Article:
Casey Blake has played third base, first base and right field, and he has batted almost anywhere in the order. Name the role, he’ll play it. Maybe it won’t be his favorite role, but nobody will know that. He’ll keep his mouth shut and do it.
Lately he’s been playing the hero role. Last Friday, his walk-off home run in the ninth beat Kansas City. Monday night he beat Detroit with a home run in the 11th.
Being a hero in Cleveland, however, could be detrimental to your health. It should come with a warning. A plastic batting helmet is only a good start. Shoulder pads, rib pads, hip pads and knee pads make a good wardrobe.
That’s not a welcome wagon waiting at home plate for anybody who hits a walk-off homer — it’s a lynching party.
This team has a funny way of showing affection and appreciation. Blake was asked what went on inside the scrum that greeted him at home plate in the 11th inning Monday night.
“Hitting and punching,” he said. “I got scratches on my back. My ribs are a little sore. They’re young and enthusiastic. They tried to pull my pants off.”
De-pantsing? That went out in the sixth grade when I was a kid. But that’s the joy of baseball. You never have to grow up. A baseball player is a kid forever. If Pfizer could bottle it, they’d make billions.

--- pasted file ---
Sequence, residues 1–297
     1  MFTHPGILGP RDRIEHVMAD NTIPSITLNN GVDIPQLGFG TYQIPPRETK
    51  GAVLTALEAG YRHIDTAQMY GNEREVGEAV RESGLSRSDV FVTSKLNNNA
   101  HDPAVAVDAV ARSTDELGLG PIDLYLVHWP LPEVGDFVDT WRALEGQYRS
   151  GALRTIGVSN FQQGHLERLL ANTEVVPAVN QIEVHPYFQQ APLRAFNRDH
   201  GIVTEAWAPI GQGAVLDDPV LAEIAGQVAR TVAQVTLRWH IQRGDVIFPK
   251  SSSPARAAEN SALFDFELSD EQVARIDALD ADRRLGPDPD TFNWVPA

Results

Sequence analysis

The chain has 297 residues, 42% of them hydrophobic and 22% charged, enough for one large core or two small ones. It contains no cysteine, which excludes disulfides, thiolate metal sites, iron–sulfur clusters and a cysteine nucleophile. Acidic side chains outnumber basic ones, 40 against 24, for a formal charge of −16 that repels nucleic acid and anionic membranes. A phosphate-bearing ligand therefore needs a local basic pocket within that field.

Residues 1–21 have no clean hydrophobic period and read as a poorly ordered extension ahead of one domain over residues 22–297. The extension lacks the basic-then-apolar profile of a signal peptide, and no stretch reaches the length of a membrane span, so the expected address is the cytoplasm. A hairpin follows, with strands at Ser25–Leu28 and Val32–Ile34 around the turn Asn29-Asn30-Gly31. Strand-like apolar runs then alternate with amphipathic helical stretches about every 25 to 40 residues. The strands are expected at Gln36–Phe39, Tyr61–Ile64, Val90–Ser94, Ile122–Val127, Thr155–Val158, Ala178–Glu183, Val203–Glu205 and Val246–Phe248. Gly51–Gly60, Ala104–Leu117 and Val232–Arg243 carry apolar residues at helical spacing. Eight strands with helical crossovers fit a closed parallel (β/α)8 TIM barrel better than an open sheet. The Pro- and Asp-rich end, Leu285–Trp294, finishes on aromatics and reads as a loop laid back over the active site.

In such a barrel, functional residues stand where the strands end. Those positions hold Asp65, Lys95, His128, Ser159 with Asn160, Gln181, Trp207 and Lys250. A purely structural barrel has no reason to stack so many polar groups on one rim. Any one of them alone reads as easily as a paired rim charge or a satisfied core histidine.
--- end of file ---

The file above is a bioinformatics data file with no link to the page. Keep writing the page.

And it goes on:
Tigers manager Jim Leyland strolled down the left-field line at Jacobs Field on Monday afternoon dragging a fungo bat before anyone was even taking batting practice. What else is a 62-year-old guy going to do on a sunny afternoon?
I remember finding another Detroit manager, Sparky Anderson, hanging around the old Stadium on a chilly spring day at noon before a 7:30 game. He wore his uniform and he was game ready seven hours before the first pitch.
Granted, there wasn’t much to do in downtown Cleveland in those days, but Anderson preferred to do nothing at the ballpark.
When you put on the uniform and go out there 162 times to play a kids’ game, you’d better be a kid — no matter the year the media guide says you were born.
Kids have such odd ways of cementing friendships. My kids would punch their best friends on the arm. Always close friends, never acquaintances.
Around home plate at Jacobs Field, love hurts.
Contact Dan Coughlin at 329-7135 or firstname.lastname@example.org.